“Polymers” include, but are not limited to, homopolymers, copolymers, such as for example, block, graft, random and alternating copolymers, terpolymers, etc. and blends and modifications thereof. Furthermore, unless otherwise specifically limited, the term “polymer” shall include all possible geometrical configurations of the material. These configurations include, but are not limited to isotactic, syndiotactic and atactic symmetries.
“Spunbond fiber” refers to small diameter fibers which are formed by extruding molten thermoplastic material as filaments from a plurality of fine capillaries of a spinnerette having a circular or other configuration, with the diameter of the extruded filaments then being rapidly reduced as taught, for example, in U.S. Pat. No. 4,340,563 to Appel et al., and U.S. Pat. No. 3,692,618 to Dorschner et al., U.S. Pat. No. 3,802,817 to Matsuki et al., U.S. Pat. Nos. 3,338,992 and 3,341,394 to Kinney, U.S. Pat. No. 3,502,763 to Hartmann, U.S. Pat. No. 3,502,538 to Petersen, and U.S. Pat. No. 3,542,615 to Dobo et al., each of which is incorporated herein in its entirety by reference. Spunbond fibers are quenched and generally not tacky when they are deposited onto a collecting surface. Spunbond fibers are generally continuous and often have average deniers larger than about 0.3, more particularly, between about 0.6 and 10.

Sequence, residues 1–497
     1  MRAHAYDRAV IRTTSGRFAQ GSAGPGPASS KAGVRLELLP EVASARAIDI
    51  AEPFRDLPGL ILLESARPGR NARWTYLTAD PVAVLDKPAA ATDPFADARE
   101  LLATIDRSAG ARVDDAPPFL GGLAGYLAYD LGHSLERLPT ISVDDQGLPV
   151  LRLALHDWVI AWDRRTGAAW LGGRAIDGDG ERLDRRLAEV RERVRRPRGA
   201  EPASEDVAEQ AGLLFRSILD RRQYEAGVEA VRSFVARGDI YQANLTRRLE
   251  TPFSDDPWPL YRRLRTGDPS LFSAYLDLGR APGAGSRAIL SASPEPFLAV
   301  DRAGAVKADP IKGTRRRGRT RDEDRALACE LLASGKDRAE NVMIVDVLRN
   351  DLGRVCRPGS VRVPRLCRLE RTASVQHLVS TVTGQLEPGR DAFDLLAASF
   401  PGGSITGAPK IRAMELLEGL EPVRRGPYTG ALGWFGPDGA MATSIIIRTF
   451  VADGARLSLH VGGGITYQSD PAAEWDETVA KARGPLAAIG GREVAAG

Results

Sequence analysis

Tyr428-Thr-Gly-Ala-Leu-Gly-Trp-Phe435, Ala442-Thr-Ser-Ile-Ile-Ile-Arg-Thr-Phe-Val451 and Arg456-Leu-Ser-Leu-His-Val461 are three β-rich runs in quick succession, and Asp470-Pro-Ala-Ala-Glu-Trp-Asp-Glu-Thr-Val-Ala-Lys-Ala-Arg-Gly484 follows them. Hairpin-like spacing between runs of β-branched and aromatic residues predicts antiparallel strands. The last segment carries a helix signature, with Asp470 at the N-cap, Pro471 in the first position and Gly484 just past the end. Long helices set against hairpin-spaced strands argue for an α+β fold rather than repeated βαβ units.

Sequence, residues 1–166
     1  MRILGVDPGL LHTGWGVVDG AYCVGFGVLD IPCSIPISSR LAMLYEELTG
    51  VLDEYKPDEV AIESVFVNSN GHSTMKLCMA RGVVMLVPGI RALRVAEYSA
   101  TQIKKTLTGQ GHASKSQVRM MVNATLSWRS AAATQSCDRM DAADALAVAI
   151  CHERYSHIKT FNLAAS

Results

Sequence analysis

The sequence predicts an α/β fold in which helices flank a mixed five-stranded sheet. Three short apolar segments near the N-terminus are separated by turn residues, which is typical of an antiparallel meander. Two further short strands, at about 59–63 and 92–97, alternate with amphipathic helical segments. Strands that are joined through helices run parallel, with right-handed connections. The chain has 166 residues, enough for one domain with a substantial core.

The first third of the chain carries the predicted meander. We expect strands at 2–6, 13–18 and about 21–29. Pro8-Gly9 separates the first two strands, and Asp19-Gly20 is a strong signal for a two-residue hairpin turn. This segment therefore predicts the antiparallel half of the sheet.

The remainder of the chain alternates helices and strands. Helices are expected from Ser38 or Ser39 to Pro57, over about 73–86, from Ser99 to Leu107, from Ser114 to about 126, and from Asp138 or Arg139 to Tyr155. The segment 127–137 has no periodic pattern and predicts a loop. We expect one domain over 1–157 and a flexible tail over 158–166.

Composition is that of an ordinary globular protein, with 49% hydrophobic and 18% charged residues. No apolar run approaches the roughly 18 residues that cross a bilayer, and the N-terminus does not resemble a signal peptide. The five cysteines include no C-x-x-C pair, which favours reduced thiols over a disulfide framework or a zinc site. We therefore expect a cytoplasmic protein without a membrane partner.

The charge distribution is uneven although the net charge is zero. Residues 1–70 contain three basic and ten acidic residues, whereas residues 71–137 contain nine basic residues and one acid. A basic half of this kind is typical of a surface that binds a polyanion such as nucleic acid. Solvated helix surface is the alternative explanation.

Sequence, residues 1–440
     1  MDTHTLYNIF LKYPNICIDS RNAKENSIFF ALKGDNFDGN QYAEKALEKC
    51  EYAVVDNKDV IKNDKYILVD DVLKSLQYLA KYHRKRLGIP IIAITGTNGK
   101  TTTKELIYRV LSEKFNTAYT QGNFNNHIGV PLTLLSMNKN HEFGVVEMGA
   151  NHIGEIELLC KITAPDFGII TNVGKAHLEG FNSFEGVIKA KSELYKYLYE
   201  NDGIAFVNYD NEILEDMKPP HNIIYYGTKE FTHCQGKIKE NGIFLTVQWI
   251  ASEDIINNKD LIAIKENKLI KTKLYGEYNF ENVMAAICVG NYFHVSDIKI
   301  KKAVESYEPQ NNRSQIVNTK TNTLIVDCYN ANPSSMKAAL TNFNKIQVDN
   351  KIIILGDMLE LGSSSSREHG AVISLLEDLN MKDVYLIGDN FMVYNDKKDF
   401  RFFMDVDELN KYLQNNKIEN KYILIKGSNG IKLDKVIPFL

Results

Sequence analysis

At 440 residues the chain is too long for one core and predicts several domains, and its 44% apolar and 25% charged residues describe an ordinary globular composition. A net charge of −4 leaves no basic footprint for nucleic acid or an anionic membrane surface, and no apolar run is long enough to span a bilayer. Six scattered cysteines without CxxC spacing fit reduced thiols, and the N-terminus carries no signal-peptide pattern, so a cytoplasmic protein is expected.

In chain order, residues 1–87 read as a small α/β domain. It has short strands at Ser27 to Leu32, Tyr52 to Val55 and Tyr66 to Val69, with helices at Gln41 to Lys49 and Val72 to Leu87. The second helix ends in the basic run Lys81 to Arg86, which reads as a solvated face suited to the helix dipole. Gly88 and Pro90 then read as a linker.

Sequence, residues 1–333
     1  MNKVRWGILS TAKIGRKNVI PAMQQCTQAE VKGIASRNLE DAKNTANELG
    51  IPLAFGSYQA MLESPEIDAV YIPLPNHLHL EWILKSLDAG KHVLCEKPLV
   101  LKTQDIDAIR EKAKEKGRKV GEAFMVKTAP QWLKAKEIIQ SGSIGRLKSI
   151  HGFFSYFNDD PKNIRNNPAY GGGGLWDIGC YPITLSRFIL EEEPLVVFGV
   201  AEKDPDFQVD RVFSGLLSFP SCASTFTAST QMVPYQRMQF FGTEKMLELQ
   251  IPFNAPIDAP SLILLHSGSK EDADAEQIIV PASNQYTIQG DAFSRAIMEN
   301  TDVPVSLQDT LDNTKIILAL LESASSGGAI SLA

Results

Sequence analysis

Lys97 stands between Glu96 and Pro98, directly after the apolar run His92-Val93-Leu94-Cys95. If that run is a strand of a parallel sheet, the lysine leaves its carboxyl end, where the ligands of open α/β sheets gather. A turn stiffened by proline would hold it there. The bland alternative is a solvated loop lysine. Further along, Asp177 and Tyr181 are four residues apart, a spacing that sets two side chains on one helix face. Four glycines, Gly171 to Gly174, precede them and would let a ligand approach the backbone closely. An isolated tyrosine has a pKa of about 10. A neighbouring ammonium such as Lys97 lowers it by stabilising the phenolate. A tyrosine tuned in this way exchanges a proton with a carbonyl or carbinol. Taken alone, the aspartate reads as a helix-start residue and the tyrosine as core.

“Strand” refers to an article of manufacture whose width is less than a film and is suitable for incorporating into a film, according to the present invention.
“Stretchable” means that a material can be stretched, without breaking, by at least 50% (to at least 150% of its initial (unstretched) length) in at least one direction, suitably by at least 100% (to at least 200% of its initial length), desirably by at least 150% (to at least 250% of its initial length). The term includes elastic materials as well as materials that stretch but do not significantly retract. The percentage stretch of strands and films is calculated by the percentage difference between a primary chill roll speed and a final nip roll speed. For example, in